October 8, 1993 |
Producer Settles With Law Firm, TV Unit: Philip L. DeGuere Jr. is receiving an undisclosed amount in settling his lawsuit against the powerful entertainment firm Ziffren, Brittenham & Branca and Columbia Pictures Television. The suit alleged that his television pilot "Triangle" was canceled in 1989 as part of a scheme to conceal payments related to CBS' hiring of Jeff Sagansky as its entertainment chief.
April 26, 1993 |
When Mel Harris joined Sony Pictures Entertainment last year, he knew he was taking on a tough job as president of the newly configured television group. The unit had been posting large profits from the sale of reruns of "Who's the Boss?" and "Married . . . With Children," but earnings were due to tumble in the fall of 1993 because of a dearth of fresh programs available for syndication.
October 12, 1992 |
A long-running lawsuit involving some of Hollywood's most powerful players has led to accusations that CBS committed fraud when it hired entertainment President Jeff Sagansky. The Los Angeles Superior Court case, set for a hearing today, alleges that CBS abruptly canceled a television pilot called "Triangle" in 1989 as part of an elaborate scheme to conceal payments made in connection with bringing Sagansky on board at the network. Sagansky was chairman of TriStar Pictures at the time.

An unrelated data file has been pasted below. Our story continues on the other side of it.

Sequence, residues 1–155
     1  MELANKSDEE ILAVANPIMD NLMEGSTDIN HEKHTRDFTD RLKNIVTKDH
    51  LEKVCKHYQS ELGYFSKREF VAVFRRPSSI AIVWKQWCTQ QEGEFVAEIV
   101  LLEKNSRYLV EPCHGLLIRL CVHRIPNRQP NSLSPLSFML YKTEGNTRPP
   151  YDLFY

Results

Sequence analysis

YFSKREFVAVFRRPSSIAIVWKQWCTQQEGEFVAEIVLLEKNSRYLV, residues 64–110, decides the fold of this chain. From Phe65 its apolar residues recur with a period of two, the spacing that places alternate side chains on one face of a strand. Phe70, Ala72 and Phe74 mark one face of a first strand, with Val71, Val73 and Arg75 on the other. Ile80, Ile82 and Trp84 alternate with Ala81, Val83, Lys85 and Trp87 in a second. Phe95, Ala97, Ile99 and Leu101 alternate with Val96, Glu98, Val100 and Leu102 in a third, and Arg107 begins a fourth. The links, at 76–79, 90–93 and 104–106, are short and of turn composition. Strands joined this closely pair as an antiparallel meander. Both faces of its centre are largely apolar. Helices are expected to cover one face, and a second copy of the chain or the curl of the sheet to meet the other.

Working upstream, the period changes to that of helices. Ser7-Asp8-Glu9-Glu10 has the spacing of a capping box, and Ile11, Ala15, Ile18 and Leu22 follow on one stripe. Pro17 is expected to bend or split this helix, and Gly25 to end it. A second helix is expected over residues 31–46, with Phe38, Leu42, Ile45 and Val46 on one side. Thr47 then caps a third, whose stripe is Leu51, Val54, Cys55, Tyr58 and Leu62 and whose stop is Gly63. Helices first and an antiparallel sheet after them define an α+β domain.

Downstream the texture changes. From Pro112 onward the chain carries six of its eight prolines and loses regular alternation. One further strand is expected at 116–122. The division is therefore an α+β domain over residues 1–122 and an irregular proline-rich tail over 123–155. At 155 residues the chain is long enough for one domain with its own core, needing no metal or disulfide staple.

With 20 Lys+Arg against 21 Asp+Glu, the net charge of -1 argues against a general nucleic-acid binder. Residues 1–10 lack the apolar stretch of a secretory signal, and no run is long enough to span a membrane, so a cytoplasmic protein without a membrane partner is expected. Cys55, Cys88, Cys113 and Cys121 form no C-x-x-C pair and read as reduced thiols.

October 8, 1991 |
Columbia Pictures Acquires New World TV Unit: Columbia Pictures Television said it has formed a division, TriStar Television, and has signed a letter of intent to assume most of the TV program assets of New World Entertainment for an undisclosed price. TriStar TV will be headed by NWE President Jon Feltheimer. NWE produces four network TV series and is producing an upcoming miniseries and TV movie. Excluded from the deal are NWE divisions Marvel Productions and Learning Corp.